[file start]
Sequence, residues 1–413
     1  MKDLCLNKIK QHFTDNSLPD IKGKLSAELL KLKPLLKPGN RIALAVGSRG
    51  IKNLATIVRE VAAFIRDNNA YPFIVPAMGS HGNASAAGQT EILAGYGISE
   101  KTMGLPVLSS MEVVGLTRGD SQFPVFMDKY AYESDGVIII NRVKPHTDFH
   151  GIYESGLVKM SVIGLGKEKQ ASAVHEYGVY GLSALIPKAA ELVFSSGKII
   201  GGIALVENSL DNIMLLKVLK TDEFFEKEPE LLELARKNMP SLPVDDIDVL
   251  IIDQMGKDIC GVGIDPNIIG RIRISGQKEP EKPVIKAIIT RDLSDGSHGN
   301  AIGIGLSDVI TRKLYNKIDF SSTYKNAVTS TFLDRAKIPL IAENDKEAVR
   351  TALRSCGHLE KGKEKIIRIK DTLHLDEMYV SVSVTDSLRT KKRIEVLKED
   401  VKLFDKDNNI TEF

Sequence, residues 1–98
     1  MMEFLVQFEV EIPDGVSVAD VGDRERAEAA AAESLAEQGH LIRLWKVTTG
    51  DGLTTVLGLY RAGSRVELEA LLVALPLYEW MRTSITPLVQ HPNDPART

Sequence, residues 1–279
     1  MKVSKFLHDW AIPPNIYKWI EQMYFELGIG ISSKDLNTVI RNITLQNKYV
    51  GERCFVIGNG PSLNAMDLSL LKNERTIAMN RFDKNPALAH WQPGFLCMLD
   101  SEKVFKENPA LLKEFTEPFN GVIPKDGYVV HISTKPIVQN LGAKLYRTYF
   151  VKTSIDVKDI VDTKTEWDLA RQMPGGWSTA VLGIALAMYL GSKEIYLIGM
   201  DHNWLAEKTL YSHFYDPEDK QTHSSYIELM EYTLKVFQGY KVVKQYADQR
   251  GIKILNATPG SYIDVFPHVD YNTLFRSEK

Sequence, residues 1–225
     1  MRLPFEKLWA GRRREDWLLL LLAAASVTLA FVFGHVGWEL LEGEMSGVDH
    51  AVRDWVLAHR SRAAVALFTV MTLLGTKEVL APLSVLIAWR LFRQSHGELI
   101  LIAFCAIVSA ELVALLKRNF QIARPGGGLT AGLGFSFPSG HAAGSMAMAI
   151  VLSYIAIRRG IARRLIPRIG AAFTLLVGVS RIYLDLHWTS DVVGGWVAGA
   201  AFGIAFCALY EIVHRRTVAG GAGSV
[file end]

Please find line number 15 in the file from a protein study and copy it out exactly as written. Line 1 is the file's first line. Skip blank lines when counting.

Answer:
     1  MKVSKFLHDW AIPPNIYKWI EQMYFELGIG ISSKDLNTVI RNITLQNKYV